What Dickens and Scrooge Teach Us About Money


Charles Dickens classic A Christmas Carol has always been a seasonal favorite among local theaters as a tale of hard times.

As the pandemic continues and the cost of living skyrockets, it remains popular for Christmas 2021. Productions are appearing across the country, from London’s Old Vic to Cornwall’s Minack Theater.

A Christmas Carol brings audiences spooky ghosts, comedic moments, dramatic drama and the unforgettable figure of Scrooge, the wealthy skinflint who only sees his mistakes a moment before it’s too late.

History is also a memorable lesson in money, its uses and abuses – a lesson that rings as true today as it did in Dickensian days.

This year’s inflation worries are likely to feed our inner Scrooge a little more than in the past few years, with the ghost of the future of Christmas looking dearer by the day.

So now is a good time to focus on the old miser’s belated realization that his accumulated money is useless to him and the world around him. The ghost of his late partner Marley convinces Scrooge that wealth has no value beyond the grave. For the first time in his life, he expresses regret for his lack of generosity.

Dickens’ message is that accumulating wealth for one’s own good is not what money is for. Don’t save too much for life, he tells us. Distinguish between accumulating enough and spending your money – enjoying it or helping our favorite people in our lifetime.

Corn A Christmas CaroI have other, more subtle lessons for our savings and investments. History shows that we have ingrained patterns of behavior when it comes to money. It’s not just Scrooge who finds it hard to change, having locked himself in his own world. Bob Cratchit, his long-suffering clerk, stays with his master out of misplaced loyalty, though he is grossly underpaid. So while Cratchit and his impoverished family arouse sympathy, he is hardly a role model.

Rather, we should take note of Scrooge’s mentor as moneylender, the merry Mr. Fezziwig. He ran a profitable business, while acting generously to his employees, as even Scrooge admits: “The happiness he gives is just as great as if it cost a fortune.

In the modern world, it’s not just about being kind and philanthropic. Fezziwig is certainly a good example of managing a business or a portfolio according to principles. Early ESG if you will.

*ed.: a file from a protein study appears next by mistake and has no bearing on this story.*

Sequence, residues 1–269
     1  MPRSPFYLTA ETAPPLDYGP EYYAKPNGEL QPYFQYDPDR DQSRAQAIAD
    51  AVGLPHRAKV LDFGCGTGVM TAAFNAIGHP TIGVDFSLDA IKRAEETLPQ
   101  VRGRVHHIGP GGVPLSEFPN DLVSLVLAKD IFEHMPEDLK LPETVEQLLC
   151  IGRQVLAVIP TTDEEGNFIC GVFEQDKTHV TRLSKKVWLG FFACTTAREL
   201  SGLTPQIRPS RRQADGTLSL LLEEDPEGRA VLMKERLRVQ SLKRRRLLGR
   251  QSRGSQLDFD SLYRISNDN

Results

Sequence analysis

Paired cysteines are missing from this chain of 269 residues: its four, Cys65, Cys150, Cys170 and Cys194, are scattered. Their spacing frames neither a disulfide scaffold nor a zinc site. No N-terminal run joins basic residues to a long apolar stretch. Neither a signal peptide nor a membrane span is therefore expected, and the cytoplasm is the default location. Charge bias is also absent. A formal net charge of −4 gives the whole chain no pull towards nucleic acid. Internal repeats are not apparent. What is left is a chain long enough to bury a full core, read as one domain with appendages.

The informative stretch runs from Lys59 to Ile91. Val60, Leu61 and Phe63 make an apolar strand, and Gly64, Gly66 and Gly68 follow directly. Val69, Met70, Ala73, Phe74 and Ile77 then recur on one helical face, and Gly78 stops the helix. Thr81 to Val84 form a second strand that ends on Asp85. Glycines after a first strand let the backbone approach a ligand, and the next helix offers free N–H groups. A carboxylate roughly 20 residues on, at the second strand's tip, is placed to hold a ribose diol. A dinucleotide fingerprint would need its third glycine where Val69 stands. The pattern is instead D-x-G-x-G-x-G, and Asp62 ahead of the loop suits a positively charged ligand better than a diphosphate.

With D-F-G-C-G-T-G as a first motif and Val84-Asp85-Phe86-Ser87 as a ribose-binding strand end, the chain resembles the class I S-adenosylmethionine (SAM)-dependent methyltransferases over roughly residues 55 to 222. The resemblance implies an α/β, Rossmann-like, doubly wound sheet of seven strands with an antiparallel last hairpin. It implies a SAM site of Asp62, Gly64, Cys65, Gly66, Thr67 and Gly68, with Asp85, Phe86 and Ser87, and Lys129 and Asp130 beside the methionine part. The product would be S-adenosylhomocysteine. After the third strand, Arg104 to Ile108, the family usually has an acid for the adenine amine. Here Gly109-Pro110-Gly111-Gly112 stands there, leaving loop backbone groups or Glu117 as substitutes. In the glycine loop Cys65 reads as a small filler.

The theme of strong money running through A Christmas Carol and other Dickensian novels were inspired by the author’s precarious financial situation. He sometimes struggled with his own debts and those of his father. A Christmas CaroI saved Dickens from a financial crisis – as the excellent family film of 2017 eloquently shows The man who invented Christmas.

Unsurprisingly, other Dickensian novels are a treasure trove of quotes about money. Mr. Micawber, who speaks memorable about money in David Copperfield, operates on the highly suspect principle of “something will happen”.

This was not a rule to rely on in the Victorian era, when creditors could throw a debtor in jail (as they did with Dickens’ father). Neither today, despite our social security system, if you want financial security.

Mr. Micawber’s Recipe for Happiness is perhaps the most widely cited money quote in Dickens’ work: “Annual income twenty pounds, annual expenditure nineteen pounds nineteen and six, the result of happiness.” Annual income twenty pounds, annual expenditure twenty pounds zero and six, result in misery.

But this recipe is incomplete: everything revolves around the here and now. This will not guarantee a comfortable retirement: there are no savings and no inflation protection. And to be truly financially secure, you also need an emergency fund of around six months’ salary.

Mr. Micawber is not the only financial expert in David Copperfield. There’s the stagecoach driver Mr. Barkis, who is less articulate than Mr. Micawber but no less lively. “It was also true. . . like turnips. It was also true. . . like taxes are. And nothing is more true than them.

Dickens would surely have been aware that these lines echo Benjamin Franklin’s famous grim observation: “Nothing is certain except death and taxes.”

This is not entirely true: Taxes were not frozen in the 19th century, as Dickens well knew since, alongside his literary achievements, he was a prominent tax reformer.

This is not true today either. We benefit from the tax-advantaged envelopes of individual savings accounts (Isas) and self-invested personal pensions (Sipps), as well as annual allowances on capital gains. Use them to their fullest, I say, and do it now, because you never know when the rules might change.

But don’t spend too much time worrying about HM Revenue & Customs this Christmas. You might risk following Scrooge with his obsessions. Put aside your statements and your calculator and seek inspiration from Scrooge’s nephew, Fred, a man of unfailing cheerfulness who never abandons his uncle, inviting him to Christmas, despite the man’s repeated refusals. older.

It was Fred who said: “And so, my uncle, although he never put a piece of gold or silver in my pocket, I believe that Christmas has done me good and will do me good. Good ; and I say, God bless him!

Moira O’Neill is Head of Personal Finance at Interactive Investor


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